Ancient ceramics found to mark fluctuations in Earth’s magnetic field
Three thousand years ago, a potter stamped a jar with a royal seal, inadvertently recording a bit of geological data that we’ve only recently been able to interpret. The seal inscribed in the fired pottery wasn’t the mystery— rulers near what is now Jerusalem regularly demanded tax payments in the form of stamped jars of oil or wine. The hidden record trapped in these pieces of pottery was actually tiny, magnetically-sensitive bits of iron, which captured a snapshot of the Earth’s magnetic field at the moment the clay was hardened.
Polarized particles in pottery
The Earth has a magnetic field that is thought to be generated by large amounts of iron in the planet’s core. This field helps us with everything from keeping our compasses working to blocking damage to our atmosphere from solar wind. There’s been some concern over the last 180 years when measurements found that the magnetic field seemed to be weakening, which is not a trend we’d want to see continue, lest we end up with a thin atmosphere like what you have on Mars. However, figuring out how strong this trend was was difficult, because we only have data from the date the magnetometer was invented, 180 years ago.
This brings us back to our stamped pots. When those pots were made, their clay contained ferrous particles that were sensitive to the Earth’s magnetic field. When the clay was still soft, those particles had enough range of motion to orient themselves to the field’s alignment. When the pottery was fired in a kiln, the particles positioning became locked and preserved by the hardened clay, a bit like what’s been found in dead, magnetized cockroaches. By looking at the alignment of these particles, researches were able to estimate the strength of the planet’s magnetic field at different times.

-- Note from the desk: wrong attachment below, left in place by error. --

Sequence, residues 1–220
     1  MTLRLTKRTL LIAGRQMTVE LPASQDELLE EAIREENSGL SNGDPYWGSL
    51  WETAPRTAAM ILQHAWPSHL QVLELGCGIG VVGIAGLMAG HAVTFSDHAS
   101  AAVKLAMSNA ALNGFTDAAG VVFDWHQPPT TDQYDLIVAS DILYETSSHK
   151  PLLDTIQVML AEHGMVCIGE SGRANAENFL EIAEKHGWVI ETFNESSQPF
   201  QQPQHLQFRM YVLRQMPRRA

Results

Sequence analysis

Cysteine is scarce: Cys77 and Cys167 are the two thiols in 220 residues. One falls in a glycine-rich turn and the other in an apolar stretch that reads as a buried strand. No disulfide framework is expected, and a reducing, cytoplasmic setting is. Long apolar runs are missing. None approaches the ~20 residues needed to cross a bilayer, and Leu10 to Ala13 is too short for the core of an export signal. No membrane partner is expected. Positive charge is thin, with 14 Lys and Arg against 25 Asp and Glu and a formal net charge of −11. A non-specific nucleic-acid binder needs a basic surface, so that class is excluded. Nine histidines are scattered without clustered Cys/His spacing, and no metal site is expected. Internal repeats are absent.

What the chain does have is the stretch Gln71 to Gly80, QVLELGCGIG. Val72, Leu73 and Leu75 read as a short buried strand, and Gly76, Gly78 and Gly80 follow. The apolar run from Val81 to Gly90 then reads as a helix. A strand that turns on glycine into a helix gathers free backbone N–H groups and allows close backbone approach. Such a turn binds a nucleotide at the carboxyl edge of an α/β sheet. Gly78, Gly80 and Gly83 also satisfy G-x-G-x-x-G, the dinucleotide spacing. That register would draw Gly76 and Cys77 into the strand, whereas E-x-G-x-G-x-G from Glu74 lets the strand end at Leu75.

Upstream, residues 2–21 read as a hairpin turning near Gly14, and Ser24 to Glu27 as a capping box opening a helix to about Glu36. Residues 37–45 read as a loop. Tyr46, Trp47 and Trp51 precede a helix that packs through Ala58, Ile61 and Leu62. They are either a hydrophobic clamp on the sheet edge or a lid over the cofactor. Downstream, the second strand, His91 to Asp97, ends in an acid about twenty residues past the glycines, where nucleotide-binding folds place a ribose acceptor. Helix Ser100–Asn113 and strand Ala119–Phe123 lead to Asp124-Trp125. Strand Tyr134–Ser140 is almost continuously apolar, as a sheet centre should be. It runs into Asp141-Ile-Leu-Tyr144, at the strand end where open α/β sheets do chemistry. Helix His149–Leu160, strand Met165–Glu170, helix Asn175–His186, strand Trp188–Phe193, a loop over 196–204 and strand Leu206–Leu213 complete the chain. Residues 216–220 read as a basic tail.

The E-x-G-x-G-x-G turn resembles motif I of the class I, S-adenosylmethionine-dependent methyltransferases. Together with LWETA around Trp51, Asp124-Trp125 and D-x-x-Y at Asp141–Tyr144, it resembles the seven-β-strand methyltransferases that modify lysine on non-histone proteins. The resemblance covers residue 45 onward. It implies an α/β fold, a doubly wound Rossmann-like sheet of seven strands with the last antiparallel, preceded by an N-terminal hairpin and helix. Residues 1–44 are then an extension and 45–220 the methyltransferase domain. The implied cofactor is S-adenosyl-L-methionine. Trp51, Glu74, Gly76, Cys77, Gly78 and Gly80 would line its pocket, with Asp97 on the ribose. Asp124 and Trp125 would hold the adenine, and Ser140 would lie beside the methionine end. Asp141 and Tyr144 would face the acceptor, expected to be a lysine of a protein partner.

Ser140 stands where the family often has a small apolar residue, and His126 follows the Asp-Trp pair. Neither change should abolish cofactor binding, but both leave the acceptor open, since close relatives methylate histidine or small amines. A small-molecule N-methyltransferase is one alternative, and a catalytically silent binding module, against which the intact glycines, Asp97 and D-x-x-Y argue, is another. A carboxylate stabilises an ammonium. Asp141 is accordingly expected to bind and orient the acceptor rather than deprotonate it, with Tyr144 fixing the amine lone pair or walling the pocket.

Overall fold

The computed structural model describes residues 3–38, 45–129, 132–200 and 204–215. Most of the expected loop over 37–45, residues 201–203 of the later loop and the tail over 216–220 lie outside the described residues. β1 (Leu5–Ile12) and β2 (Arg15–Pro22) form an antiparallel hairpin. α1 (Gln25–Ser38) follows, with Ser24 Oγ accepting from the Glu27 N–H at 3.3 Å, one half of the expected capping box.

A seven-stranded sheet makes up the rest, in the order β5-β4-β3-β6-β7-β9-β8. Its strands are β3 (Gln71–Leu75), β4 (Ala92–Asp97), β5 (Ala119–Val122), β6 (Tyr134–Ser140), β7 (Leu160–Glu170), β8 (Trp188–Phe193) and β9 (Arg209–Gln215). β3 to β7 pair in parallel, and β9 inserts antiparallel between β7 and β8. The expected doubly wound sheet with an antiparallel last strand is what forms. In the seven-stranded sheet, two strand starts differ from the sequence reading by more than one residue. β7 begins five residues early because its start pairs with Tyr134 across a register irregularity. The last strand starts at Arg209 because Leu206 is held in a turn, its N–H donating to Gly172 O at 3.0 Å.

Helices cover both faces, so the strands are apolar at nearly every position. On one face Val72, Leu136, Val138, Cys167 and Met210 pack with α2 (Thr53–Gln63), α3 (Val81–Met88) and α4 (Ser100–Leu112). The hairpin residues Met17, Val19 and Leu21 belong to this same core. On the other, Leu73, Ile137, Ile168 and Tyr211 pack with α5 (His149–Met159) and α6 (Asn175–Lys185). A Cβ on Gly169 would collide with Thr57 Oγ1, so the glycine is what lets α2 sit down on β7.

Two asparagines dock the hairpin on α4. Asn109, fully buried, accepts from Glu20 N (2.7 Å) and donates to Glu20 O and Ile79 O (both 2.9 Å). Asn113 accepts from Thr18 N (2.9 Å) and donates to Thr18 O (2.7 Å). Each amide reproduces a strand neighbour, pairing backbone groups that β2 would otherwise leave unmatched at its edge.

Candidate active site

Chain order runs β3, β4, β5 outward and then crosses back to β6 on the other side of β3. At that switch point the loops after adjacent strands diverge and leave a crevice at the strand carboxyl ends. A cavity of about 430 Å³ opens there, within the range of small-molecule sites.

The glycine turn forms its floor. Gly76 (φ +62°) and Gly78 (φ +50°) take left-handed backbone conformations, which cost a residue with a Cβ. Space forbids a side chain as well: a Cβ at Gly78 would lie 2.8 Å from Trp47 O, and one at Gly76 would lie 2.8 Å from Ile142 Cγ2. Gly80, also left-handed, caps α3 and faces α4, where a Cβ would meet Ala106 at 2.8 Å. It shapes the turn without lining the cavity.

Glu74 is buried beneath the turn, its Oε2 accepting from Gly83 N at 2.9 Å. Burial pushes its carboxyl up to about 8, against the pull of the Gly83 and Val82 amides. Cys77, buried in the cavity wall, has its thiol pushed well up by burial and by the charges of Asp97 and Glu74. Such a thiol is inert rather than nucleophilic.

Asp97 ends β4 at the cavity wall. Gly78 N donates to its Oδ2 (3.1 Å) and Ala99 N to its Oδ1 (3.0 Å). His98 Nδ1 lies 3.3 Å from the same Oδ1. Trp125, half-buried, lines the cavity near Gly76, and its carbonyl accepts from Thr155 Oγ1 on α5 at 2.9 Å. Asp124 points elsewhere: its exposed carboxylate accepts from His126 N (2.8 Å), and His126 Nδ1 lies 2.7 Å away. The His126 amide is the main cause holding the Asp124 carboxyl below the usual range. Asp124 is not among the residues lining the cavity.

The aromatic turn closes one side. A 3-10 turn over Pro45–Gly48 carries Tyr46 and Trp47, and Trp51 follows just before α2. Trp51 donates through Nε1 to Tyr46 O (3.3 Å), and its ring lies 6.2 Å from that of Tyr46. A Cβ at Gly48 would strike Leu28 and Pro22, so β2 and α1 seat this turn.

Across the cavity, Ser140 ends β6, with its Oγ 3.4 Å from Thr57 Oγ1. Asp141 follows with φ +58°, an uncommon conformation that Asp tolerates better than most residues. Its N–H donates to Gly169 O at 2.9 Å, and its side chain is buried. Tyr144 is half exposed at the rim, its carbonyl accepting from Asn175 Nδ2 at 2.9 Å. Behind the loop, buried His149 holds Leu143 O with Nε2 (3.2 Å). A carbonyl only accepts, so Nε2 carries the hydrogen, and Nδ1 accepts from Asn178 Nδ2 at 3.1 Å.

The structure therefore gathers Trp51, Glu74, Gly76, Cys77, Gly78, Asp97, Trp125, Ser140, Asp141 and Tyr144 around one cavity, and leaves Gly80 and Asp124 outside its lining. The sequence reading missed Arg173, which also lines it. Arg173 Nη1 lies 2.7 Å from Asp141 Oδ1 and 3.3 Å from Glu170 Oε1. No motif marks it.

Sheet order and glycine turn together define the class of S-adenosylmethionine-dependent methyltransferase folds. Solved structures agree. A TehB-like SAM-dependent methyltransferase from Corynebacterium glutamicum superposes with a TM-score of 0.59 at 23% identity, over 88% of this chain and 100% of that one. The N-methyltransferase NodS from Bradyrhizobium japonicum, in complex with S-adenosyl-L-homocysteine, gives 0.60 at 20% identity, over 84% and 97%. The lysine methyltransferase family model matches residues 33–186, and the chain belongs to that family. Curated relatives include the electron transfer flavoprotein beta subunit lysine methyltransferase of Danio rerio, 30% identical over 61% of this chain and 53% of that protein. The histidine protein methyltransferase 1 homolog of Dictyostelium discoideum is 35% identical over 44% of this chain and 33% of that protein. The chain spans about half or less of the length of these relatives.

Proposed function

Putting the pieces together
However, to compare those measurements to our more recently measured data, researchers also needed some kind of chronological reference point. Fortunately, the stamps on each pot corresponded to specific rulers, and each time there was a political upheaval, a new stamp would be introduced, giving researchers reference points sometimes as precise as a 30-year time span. They could then build a timeline of magnetic field measurements, checking on what the Earth was up to 3000 years ago.
The good news is that there was a lot of fluctuation in the Earth’s magnetic field. Over the 600 years recorded in ancient pottery, the strength of the field both increased and decreased, suggesting that what we’re now experiencing is a natural fluctuation, and not necessarily an indication of a one-way trend towards a less magnetic future. The next question is why there’d be this much fluctuation, but that seems to be beyond the scope of the pottery at this point.
Source: Iron Age Potters Carefully Recorded Earth's Magnetic Field — By Accident by Rae Ellen Bichell, The two-way